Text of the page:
The author tells the beta readers what to look for, so there’s another servile power dynamic there.

Pretty much anybody pre-submission serves the author’s needs. For some people, this power, particularly over a manuscript that they are very emotionally tied to or invested in, is ripe for abuse.

It doesn’t help that some pinheads mistake the “beta” in beta reader for a subordinate position off the bat. For the record, a beta reader is a text beta-tester, the surrogate audience member. Considering their role as audience, I would challenge any power dynamic because the beta reader is your resource for how the story will engage the marketplace. Confuse a beta reader, disinterest them, and you expose the fleshy story underbelly and possibility that your MS isn’t the polished gemstone you think it is. This is not to say it’s on the other extreme of formica or whatever zirconia gets sold on late night television, but there’s no reason to disregard or belittle the feedback because it isn’t the radioactive glowing praise that your MS is a bestseller waiting to happen.

Which is why I advocate for paying your beta reader. Treat them as a peer, not a tool, in your process and value their feedback. If you have (I’m making numbers up) 3 readers, and 1 says that the story is bloated with too many similar sounding names, or you’ve got the story all over the place in the first few chapters, consider what they’re telling you. Don’t blow it off just because it’s not as praising as what your other two readers might say. Remember that your MS may not be liked by everyone, that should you go forward and traditionally publish, an agent or editor may possibly have similar concerns, that your MS may languish in rejection hell for a while until those concerns get revised.

You want a beta reader to push you, to flip your MS judo-style, beat it up a little (or a lot), because you’re trying to get the best MS possible. So why not beat it up a little? Does that mean more work for you? Yeah. Is that bad? No.

Not every beta reader is going to extol your praises. Not every beta reader is going to spew hot lava at you. Like so many other things, it’s about the combination of all feedback, rather than the authorial power dynamic. It’s okay to get feedback that’s harsh, I’d go so far to say it’s vital, unless you want to just live in a clueless bubble of faux-perfection where you don’t push yourself or your craft out of some fear that your emperor will be exposed as a nudist.

Getting to stage in production where you need to engage beta readers is not the end of the marathon that is publication. You still have to get the story packaged and either submitted, or into the hands of readers. So let’s talk for a minute about a different kind of power dynamic, where the author puts them on a pedestal. Which isn’t the point either.

Yes, the beta reader, to some extent acts like a surrogate audience, but again, they’re not just reading your story for enjoyment. Giving them concepts to keep an eye out for helps you steer through the parts of writing where you may find or think yourself weak. They’re useful, like so many other things I’ve talked about on this blog.

To suggest the beta reader is superior in some way is to suggest that you’re writing as to earn the praise of the audience more than the pleasure of writing or the want to see your story in the world. Yes, there’s an element of praise to be had by an audience, but it can’t be the only reason you sit down everyday to write. Not everyone is going to like your work, and they’re not supposed to.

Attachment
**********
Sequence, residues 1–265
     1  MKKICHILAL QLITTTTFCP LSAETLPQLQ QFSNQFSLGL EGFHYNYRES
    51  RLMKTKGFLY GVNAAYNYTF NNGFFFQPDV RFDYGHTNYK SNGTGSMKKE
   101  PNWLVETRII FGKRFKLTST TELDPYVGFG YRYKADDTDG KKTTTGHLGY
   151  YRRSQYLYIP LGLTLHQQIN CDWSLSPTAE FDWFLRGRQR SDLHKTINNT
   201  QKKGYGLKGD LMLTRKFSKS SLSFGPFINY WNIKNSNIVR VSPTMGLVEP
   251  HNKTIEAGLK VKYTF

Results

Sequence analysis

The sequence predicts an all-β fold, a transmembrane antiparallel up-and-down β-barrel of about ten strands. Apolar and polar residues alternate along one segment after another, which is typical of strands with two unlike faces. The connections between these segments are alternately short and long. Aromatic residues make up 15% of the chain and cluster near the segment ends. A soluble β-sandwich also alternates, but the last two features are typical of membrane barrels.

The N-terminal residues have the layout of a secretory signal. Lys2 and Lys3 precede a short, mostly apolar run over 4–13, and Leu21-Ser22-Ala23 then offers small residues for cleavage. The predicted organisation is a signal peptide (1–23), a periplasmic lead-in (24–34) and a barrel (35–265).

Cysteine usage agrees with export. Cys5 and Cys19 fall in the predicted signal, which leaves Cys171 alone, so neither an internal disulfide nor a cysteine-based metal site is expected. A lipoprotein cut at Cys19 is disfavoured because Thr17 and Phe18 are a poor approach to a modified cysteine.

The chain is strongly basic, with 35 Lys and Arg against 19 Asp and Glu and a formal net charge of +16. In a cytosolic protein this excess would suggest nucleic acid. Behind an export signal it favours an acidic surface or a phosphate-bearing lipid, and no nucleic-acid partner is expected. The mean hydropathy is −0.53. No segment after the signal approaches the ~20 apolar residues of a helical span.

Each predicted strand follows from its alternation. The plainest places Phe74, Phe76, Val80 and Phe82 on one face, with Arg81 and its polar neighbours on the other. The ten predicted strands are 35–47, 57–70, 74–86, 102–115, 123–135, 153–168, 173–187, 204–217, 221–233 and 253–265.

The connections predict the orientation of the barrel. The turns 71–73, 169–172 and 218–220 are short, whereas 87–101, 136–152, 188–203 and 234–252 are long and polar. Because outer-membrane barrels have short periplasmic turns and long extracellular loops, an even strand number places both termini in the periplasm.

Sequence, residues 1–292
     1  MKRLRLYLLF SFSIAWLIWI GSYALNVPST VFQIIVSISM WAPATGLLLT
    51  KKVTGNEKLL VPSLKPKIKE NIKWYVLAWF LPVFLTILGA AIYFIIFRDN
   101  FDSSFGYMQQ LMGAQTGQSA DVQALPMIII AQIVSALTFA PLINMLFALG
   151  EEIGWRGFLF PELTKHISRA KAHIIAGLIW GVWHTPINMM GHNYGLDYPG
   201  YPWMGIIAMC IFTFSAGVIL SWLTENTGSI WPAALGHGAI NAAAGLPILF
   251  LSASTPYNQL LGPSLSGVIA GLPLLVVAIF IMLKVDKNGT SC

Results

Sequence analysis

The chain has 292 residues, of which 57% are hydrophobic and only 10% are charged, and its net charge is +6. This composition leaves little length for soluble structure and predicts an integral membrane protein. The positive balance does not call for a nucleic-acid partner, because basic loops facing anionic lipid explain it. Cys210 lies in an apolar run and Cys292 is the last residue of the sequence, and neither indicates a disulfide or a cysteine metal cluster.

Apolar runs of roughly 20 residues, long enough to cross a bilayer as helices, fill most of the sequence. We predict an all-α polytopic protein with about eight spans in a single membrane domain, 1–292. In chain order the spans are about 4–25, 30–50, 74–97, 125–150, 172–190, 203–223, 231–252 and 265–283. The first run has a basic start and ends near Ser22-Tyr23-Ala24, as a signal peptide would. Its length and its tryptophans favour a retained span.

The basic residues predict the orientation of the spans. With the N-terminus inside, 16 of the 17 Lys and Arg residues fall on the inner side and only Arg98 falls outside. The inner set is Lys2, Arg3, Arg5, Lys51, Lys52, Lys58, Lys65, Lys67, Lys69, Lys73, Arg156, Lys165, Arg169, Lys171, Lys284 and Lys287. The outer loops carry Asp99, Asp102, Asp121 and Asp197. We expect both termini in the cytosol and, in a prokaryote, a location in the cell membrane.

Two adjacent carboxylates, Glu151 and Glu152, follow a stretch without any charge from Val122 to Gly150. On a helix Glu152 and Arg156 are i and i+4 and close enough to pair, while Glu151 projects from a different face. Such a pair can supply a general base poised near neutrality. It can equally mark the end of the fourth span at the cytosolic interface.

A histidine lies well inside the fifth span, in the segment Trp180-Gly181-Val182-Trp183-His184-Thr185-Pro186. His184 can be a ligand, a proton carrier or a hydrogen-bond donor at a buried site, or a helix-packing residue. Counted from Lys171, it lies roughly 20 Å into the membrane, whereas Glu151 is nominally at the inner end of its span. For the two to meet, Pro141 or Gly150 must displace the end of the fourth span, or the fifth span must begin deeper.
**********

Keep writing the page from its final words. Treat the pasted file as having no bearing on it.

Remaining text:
Treat your readers like people, because they are people. Don’t be a dick, don’t throw some alleged superiority in their face. They’re trying to help you, let them.

I’ll see you later this week for #InboxWednesday, where we’re going to hear from Tonda.

See you then. Happy writing.

Some Thoughts on Professional Stuff

I’m writing this post in the throes of the weekend blizzard, punctuating each paragraph with a sip of cocoa and a disbelieving stare out a window upon a world that looks like some off-white hellscape.

Originally, I meant to write about the importance of determination, of being diligent, and of staying the course when so many voices (internal and otherwise) may form a chorus to chase you away from whatever you’re creating. And then I fell into a bit of a rabbit hole.

A friend of mine talked to me a bit about a situation he found himself in, where he received criticism for what he was doing (he’s an editor), and his critic was taking a roundabout way of saying he was exploiting writers and profiting from their newness in creating. It’s a completely bogus claim because my friend, let’s call him J, is one of the most forthright people I know. I don’t always agree with him, but I respect his work, and I think he’s smart enough, talented enough, and good enough, to help people create amazing things.

In reading what this critic said, it brought to mind a number of experiences and a number of frustrations I’ve encountered in the last two decades as a professional. Today, I’m going to detail some of them.

1 A freelance editor is not required if you’re going to submit your work to be traditionally published.

There is an editorial process that occurs during publishing, and it’s not a quick skim of a document and a cursory pressing of F7 in Word. There is no etched in stone rule that says you need to get an editor before you get published. I can’t make you get an editor. But I can tell you that if you’re serious about getting your work published, then you should be serious about doing everything you can to get the MS in the best shape possible before it leaves your hands to face some kind of judgment or decision about its acceptance or rejection.